Wolf Creek

Wolf Creek
Tagline: The thrill is in the hunt.
Updated: 12-18-2005

Australian horror is nothing new — without plumbing the depths too deeply, you can find standout scary cinema from the 70s (Peter Weir’s Cars That Ate Paris), 80s (Richard Franklin’s Roadgames), and 90s (Peter Jackson’s Braindead). Australian horror filmmakers like to exploit the loneliness of the outback and to stereotype its residents, and Wolf Creek is no exception; that’s what makes it so atmospheric — creepy, hairy, toothless, knife-wielding whackos skulking around in a totally isolated area where there’s no one to help you is not exactly a comfortable feeling.


Wolf Creek feels comfortable at first, which makes you all the more disconcerted… you know something very, very bad is going to happen to the three carefree friends who set out to go backpacking in Wolf Creek in search of a meteorite-made crater. Ben Mitchell (Nathan Phillips) and two English girls, Liz (Cassandra Magrath) and Kristy (Kestie Morassi), first run into trouble when they return from their hike to where their clunker is parked. It won’t start, and they prepare to spend the night in the outback.


As luck would have it, a friendly Aussie called Mick Taylor (John Jarratt) happens by and offers them a tow to his place, where he says he’ll fix their car. He regales the trio with stories of his career as a vermin hunter, delighting in reliving the deaths of the “animals” he’s dispatched.


It turns out Mick is a sadistic serial killer, specializing in hapless tourists. He soon has the three young people subdued, and the scenes of torture that follow are truly cringe-inducing and horrifying. They’re almost painful to watch, which is a testament to the fine acting in Wolf Creek. Jarratt, reminiscent of the repugnant murderer in last year’s High Tension, is particularly exceptional — no doubt he’ll be the star of many nightmares in the years to come (you might remember him from 1975’s Picnic at Hanging Rock, or the currently running TV series McLeod’s Daughters).


First time writer/director Greg McLean shows strong promise, but he needs to find his own style — Wolf Creek is something akin to The Texas Chainsaw Massacre meets Blair Witch Project, and it simply doesn’t quite work as a whole. The characters flip-flop between being really smart, then turning incredibly stupid.


SPOILER ALERT: In one scene, the girls have escaped in a car but wind up hobbled by an expected cliff. Mick is right behind them in another vehicle, just out of view. Liz has a brilliant idea: push the car over the cliff, and Mick will think they have perished. They do this, and it seems to work. Mick parks his vehicle at the cliff’s edge, unable to see the girl hiding nearby. He leaves the cliffside and starts down, checking their wrecked vehicle. He’s going to see they’re not inside. He’s going to know his prey are still nearby. While he’s gone, Liz and Kristy jump in his car but he’s taken the keys with him. Do the girls then push his car over the cliff? Maybe they’ll crush him with it. If not, at least they’ll all be on foot. But no, they don’t think of that.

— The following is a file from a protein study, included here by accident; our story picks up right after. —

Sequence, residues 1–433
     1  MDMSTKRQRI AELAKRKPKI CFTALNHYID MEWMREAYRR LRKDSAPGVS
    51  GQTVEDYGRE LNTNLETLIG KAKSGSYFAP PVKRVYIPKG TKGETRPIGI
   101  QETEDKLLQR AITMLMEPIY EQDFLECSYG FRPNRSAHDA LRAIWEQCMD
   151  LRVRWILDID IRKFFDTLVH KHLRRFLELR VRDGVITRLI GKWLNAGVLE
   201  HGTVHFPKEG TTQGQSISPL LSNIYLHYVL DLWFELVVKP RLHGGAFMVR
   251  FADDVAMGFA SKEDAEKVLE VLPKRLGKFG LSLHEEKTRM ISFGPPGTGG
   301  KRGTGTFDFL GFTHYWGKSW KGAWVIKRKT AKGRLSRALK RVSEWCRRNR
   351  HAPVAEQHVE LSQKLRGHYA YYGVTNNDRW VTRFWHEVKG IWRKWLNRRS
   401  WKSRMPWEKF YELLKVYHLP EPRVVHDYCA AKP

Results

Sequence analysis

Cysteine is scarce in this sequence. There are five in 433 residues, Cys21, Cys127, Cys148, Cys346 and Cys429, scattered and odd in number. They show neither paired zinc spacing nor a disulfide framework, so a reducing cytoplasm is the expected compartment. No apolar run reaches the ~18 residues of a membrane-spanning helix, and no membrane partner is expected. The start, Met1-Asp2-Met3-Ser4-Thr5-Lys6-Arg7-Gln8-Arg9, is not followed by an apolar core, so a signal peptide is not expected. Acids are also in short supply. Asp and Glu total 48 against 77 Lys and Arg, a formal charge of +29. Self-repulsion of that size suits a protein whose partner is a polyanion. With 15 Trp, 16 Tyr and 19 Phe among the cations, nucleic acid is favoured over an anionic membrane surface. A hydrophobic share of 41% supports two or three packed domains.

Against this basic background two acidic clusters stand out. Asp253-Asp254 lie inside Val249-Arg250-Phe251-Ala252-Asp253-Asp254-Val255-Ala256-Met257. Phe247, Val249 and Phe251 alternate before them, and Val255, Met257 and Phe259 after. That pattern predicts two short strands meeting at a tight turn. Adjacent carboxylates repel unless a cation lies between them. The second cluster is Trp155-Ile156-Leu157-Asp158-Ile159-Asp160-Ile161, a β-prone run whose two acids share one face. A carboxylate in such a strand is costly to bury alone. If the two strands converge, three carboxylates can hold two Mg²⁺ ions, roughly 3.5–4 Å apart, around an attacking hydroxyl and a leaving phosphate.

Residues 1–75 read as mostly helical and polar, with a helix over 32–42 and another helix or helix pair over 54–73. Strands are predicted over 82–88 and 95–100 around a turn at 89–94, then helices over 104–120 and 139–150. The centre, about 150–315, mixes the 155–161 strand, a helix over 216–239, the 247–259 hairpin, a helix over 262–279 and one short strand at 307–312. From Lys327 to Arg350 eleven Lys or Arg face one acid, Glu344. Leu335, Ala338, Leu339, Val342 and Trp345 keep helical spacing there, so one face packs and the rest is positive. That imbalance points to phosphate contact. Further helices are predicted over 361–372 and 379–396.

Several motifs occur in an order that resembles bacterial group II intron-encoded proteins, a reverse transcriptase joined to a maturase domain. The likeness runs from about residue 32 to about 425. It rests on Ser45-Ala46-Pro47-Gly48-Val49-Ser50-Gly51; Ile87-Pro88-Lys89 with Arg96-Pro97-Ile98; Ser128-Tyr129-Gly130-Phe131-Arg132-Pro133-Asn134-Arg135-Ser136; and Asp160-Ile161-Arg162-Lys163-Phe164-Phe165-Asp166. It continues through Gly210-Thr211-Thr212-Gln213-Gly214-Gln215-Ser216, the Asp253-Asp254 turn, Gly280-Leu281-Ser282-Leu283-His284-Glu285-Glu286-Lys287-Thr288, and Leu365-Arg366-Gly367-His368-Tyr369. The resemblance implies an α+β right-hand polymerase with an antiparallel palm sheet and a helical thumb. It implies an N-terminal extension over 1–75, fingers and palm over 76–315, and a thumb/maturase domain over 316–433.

END SPOILER. Another major problem I had with Wolf Creek is the very poor cinematography. I understand it’s a low-budget film and I understand the look they were going for, but we have seen enough of this overly dark, super-shaky camera style. Film is a visual medium, so I expect to not only be able to see what’s happening but I expect not to wind up with a migraine for my trouble.


Wolf Creek is, as advertised, a highly disturbing, grueling horror movie. I have a reasonably high tolerance for scenes of torture, but I prefer them to be cinematic — think: the dentist scene in Marathon Man, or the motel room scene in The Devil’s Rejects — not so realistic that I feel nothing but depressed when the film is over.


I’m giving Wolf Creek a marginal recommendation since it doesn’t shy away from being a gritty serial killer movie, and since the acting is quite compelling. McLean might be a director to watch for — we’ll see what he does next in 2007, with his next Aussie-styled horror (a giant croc, this time — again starring Jarrett, and also Radha Mitchell) called Rogue.


In case you are wondering how true the “inspired by a true story” is, the three protagonists are entirely dreamed up, but the killer is loosely based on Ivan Milat, an Australian man convicted of murdering seven backpackers in Sydney during the 1990s, and suspected of killing and hiding many more.


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Reviewed by Staci Layne Wilson

Latest User Comments:
I rented this last week,.... Had high hopes only to be bored to tears. Over indulgant, pointless and very, very poor. What could have had potential died after the opening minutes. A swing and a miss! Vern.
07-01-2006 by The Vern discuss
Australian Horror?
I know you yanks aren't known for your worldly views, but "Braindead" an Australian horror movie? Come on. Peter Jackson (the director, now famous for the Lord of the Rings trilogy) is from New Zealand (which is not part of Australia) and Braindead is a comedy, not a horror. That would be like saying: Die Hard, the Mexican porno starring Bruce Willis.
06-04-2006 by Chato discuss
[COLOR=firebrick]I actually paid to see this movie... that's what horrifying. Slow moving, nothing interesting happening for what seemed like hours. It had no plot. Just another "lost and in the middle of nowhere" movie. I mean get a new story line. Preferably a good one next time. So many rip off cheaply made horror films out right now. (And I'm not saying cheaply made horror films are always awful but this one really was.)[/COLOR]
04-02-2006 by CharmedOne discuss